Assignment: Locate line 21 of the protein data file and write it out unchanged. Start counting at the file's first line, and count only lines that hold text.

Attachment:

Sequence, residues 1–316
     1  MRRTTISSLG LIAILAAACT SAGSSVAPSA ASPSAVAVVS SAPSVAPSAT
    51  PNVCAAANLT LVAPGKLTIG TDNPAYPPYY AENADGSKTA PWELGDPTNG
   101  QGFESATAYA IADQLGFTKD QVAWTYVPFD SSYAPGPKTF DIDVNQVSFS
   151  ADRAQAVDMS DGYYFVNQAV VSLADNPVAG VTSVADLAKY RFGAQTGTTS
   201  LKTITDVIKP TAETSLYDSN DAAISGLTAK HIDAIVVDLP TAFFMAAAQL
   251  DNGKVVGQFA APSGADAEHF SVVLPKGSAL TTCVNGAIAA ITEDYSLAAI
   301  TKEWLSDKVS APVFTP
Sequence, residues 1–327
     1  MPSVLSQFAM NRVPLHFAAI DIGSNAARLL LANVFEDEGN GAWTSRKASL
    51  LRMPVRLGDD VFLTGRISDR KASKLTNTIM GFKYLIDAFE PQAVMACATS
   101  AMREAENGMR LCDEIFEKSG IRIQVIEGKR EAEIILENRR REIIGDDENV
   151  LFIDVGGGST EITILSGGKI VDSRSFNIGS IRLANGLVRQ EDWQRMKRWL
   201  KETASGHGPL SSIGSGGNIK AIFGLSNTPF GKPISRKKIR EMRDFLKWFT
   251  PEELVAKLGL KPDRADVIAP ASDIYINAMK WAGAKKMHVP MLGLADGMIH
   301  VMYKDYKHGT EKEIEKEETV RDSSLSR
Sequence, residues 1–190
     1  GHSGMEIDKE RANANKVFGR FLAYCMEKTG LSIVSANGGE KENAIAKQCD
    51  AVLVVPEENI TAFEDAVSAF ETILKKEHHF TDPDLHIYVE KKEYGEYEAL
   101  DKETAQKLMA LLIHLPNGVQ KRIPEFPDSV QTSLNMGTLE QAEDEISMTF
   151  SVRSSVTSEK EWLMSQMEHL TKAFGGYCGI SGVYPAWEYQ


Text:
   151  SVRSSVTSEK EWLMSQMEHL TKAFGGYCGI SGVYPAWEYQ